Please Stand Up...

To all you real Slim Shady's out there...please stand up! Okay, fine, I don't actually know what a Slim Shady is or how you become a real one. But my intentions are good so would you please, right now, wherever you are, stand up. Don't be shy, no one is looking. You know what, I'll stand up too. Phew! That feels better, doesn't it? 

                         Andreas Vesalius, De Humani Corporis Fabrica

                       Andreas Vesalius, De Humani Corporis Fabrica

You're standing right now (hopefully) because I can't just blog about how sitting is killing you knowing that you're probably sitting down to read about how sitting is killing you. It's true! Sitting is softly, slowly, but surely, killing you. I will elaborate.

But first, a short history of chairs: Chairs were historically constructed as a symbol of status in various civilizations from the ancient Egyptians to the Greeks and Romans. Lounging on such thrones was a privilege awarded to kings, queens and other high figures, while the peons and children were relegated to benches and stools. As the 19th century rolled around, and industry was revolutionized, the chair was equally manufactured and distributed to all common households in the Western world. Thus, our culture was rendered largely immobile. 

The luxury of languor has come with a great price. Today, chairs are less a privilege than a necessity, as we are no longer able to stand or squat or kneel or recline on the floor as our hunter-gatherer ancestors once did. From the moment we are made to sit in strollers and bite-size pre-k chairs our bodies begin to adapt. As we spend most of our adolescence trapped in the chair-desk combo, our bodies are developing while we're sitting down. Take those developed adolescents and put them in roll-y office chairs for forty years and we've got bodies that aren't comfortable unless seated. Biomechanist and self-proclaimed alignment nerd, Katy Bowman, describes this chair-sitting custom as a body cast. As in, when a body part is placed in the confinement of a molded structure after an injury, the muscles atrophy. They not only atrophy, they change length to adapt to the structure of the cast. Cast...aka chair. Feeling kind of gypped? Me too!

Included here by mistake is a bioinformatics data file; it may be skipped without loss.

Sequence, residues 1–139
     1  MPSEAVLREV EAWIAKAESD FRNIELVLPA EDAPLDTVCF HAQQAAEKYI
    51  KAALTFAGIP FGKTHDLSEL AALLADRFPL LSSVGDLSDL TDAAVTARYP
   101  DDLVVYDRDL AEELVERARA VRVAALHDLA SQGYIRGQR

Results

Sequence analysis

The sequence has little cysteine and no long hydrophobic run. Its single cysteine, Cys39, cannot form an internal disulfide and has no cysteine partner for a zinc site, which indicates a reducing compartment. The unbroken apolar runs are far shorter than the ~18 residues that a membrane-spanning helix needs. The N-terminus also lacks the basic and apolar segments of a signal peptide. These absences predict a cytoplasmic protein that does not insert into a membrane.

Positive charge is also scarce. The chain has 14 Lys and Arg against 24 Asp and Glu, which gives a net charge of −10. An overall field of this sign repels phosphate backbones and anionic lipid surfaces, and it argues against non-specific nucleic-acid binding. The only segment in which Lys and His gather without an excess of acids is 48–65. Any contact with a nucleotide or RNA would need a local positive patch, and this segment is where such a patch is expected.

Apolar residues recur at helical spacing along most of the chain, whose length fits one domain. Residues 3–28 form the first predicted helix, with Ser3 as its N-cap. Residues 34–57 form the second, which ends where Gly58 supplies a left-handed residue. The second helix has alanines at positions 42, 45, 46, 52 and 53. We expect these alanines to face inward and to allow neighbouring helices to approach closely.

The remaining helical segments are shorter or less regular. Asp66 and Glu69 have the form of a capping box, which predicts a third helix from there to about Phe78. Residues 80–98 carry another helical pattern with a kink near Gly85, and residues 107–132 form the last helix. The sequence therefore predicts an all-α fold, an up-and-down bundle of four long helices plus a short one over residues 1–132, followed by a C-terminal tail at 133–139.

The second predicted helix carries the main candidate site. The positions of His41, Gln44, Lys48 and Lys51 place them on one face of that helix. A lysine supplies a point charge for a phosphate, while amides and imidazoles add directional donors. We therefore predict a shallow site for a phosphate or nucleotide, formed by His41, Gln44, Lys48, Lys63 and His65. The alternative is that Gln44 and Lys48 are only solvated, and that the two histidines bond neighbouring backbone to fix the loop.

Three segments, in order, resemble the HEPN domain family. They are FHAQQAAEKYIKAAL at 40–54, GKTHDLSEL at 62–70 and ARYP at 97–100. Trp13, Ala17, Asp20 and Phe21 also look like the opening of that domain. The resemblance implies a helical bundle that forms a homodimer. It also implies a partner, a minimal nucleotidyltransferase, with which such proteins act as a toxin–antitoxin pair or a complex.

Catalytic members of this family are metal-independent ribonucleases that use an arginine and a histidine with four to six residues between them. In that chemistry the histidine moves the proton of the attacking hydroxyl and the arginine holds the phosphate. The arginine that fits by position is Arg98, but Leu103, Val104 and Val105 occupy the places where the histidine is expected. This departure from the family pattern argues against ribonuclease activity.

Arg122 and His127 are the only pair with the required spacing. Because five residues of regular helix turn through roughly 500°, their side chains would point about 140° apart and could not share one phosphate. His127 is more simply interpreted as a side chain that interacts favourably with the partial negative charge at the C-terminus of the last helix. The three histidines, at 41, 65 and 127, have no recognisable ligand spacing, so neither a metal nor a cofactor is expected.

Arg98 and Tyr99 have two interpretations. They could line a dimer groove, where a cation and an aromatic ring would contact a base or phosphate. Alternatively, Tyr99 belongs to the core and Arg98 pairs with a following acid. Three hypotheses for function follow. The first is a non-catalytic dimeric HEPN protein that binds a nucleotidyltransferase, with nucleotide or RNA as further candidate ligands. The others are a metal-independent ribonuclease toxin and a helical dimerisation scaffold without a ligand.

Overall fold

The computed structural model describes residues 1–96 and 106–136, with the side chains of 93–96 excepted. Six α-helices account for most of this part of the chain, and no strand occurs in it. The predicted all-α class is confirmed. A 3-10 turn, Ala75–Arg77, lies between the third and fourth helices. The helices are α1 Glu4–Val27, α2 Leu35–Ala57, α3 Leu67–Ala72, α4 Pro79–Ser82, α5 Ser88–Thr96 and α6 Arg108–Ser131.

L-R: Seated, perched, standing. Check out the spine and the shift in the muscles, highlighted in black. 

L-R: Seated, perched, standing. Check out the spine and the shift in the muscles, highlighted in black. 

Let's geek out for a sec so we can see exactly what's happening to our anatomy when we spend most of our waking lives sitting down. Our bodies are designed to be in motion - when we're moving, our muscles are contracting helping to circulate our blood and lymph, activate our nerve pathways, stimulate bone growth, and mobilize digestion (just to name a few). When we're sitting, these systems slow to a crawl or halt altogether. Check out the figure on the right. Chairs put us at a 90° angle. When our body is in this box, our spines cannot adequately support us so they slowly curve forward creating a C-shape. A C-shaped cast, if you will. Look familiar? Looks like a typical elderly person...or a youth person playing on a smartphone...or me typing at my computer right now. WHOOPS. Now, if I scoot forward to perch on the edge of my bar stool (haha, you think I'm in a bar writing an alignment blog...don't judge me), my hips sit higher than my knees and my spine comes back into it's natural curves. Why do my hips need to be higher than my knees? So glad you asked.

  The Psoas Group: Psoas Major, Minor, & Iliacus

The Psoas Group: Psoas Major, Minor, & Iliacus